Haiti Zombie Culture an Outcome of Government Control

Zombies, like vampires, are dominating the entertainment media lately. You can view these monsters in movies, TV, and read of their ghoulish exploits in penny-ante novels. But contrary to the popular idea that zombies are evil incarnate, in Haitian lore they are victims of maltreatment at the hands of witch doctors known as bokers. The Haiti government has used the specter of these re-enlivened corpses to instill fear in the Haitian people, particularly during the Duvalier dynasty, which lasted nearly 30 years.


Papa Doc Duvalier formed a death-squad, the Tonton Macoutes, a group of men clad in denim shirts, straw hats, and sunglasses, who carried machetes. They often killed people in broad daylight, or carried them away in the dead of night, never to be seen or heard from again. The unexplained disappearance of a member of the Haitian community gave rise to the idea these victims had been turned into zombies, the living dead. Fed by Tonton Macoutes' threats they would zombie-fy anyone, whom they perceived as a dissident of the Duvalier regime, the legend took hold in Haitian imaginations.

Within Haiti culture, zombies are part of the Voodoo religion's belief system, which immerses itself in superstition and witchery. Believers conduct rituals, in which they dance themselves into an intense frenzy, connecting with a mysterious force they believe gives them supernatural powers. A parallel exists between these adherents and American Fundamentalism, in which the preacher stirs up the congregants' passions to a fever pitch, and such things as speaking in tongues occur.

Outside the Haitian culture, zombies have only been considered an oddity of cultural lore, much like the Yeti, Loch Ness Monster, and the fairies and elves of Ireland. However, in the 80s, when an ethno botanist, Wade Davis, discovered a little-known substance called zombie powder, while conducting field research, the science world took notice. One of the key ingredients the powder contained was a neurotoxin, used to cause a coma-like state, from which the victims emerged altered, their brains non-functional.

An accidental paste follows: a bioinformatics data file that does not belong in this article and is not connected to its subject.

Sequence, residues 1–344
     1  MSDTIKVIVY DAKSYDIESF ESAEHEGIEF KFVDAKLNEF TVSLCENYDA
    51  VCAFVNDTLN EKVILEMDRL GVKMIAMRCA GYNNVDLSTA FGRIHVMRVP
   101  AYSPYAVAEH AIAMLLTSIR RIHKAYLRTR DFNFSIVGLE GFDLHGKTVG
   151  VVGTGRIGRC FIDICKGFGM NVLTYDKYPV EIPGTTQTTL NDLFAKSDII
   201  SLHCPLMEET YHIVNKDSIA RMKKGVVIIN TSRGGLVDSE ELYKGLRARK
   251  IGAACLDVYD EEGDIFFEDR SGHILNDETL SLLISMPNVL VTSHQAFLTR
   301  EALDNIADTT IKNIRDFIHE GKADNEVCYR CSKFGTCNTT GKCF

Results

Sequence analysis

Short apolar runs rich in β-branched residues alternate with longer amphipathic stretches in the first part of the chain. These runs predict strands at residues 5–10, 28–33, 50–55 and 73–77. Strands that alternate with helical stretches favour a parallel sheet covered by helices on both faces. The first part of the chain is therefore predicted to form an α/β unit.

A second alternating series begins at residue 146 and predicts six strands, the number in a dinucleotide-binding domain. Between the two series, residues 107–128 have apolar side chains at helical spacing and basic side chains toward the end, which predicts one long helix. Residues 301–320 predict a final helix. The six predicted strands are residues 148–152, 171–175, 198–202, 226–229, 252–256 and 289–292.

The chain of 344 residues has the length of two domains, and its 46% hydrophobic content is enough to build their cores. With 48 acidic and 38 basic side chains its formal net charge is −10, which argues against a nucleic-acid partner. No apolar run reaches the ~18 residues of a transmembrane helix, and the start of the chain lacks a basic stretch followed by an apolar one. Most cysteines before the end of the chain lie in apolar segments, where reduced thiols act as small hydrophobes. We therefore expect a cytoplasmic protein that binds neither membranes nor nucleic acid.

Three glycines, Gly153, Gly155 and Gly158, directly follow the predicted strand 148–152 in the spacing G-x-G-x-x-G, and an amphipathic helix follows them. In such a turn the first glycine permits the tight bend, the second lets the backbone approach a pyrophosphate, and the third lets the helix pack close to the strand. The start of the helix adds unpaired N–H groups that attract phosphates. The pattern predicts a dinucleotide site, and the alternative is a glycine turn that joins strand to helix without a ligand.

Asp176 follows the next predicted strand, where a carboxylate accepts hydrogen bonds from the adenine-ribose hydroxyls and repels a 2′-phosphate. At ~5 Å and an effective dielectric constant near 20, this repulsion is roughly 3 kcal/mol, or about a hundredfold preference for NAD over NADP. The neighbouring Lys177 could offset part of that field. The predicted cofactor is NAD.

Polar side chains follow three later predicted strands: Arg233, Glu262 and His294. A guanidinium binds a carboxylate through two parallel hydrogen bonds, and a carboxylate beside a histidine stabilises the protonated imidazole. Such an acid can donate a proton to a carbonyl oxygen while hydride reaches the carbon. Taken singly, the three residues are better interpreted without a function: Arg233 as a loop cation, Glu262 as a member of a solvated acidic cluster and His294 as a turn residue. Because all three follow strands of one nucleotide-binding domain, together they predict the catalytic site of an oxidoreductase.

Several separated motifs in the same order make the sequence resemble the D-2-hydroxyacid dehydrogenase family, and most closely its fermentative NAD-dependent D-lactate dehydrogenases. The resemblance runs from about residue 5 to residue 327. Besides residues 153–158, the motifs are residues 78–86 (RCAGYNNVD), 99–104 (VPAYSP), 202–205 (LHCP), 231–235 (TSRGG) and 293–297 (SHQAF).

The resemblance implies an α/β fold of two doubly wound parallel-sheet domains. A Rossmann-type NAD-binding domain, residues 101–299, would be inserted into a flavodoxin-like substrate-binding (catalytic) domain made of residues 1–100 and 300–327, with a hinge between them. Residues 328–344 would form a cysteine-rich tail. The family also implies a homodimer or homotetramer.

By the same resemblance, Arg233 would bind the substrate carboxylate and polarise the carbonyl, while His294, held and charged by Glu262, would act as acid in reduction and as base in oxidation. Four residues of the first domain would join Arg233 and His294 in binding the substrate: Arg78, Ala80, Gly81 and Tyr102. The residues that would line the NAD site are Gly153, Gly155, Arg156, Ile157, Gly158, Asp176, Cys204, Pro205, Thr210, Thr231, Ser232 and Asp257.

Davis used his discovery of the neurotoxin to author a book The Serpent and the Rainbow, ultimately turned into a Wes Craven horror movie. Although The Serpent and the Rainbow enjoyed commercial success, much skepticism spread among scientists, who believed not enough of the neurotoxin was contained in the powder to render victims into a zombie-like state. It was an either-or supposition: too much of the poison could kill, or too little sustain only a temporary loss of brain function.

The unsustainability of brain function is central to the myth that Haitian sugar plantation owners drugged field laborers into inchoate states, so they could overwork them, a commodity of cheap labor. But the facts are that laborers, under the influence of the neurotoxin would have suffered.

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Read more: Voodoo, Zombie, myth, Voodoo

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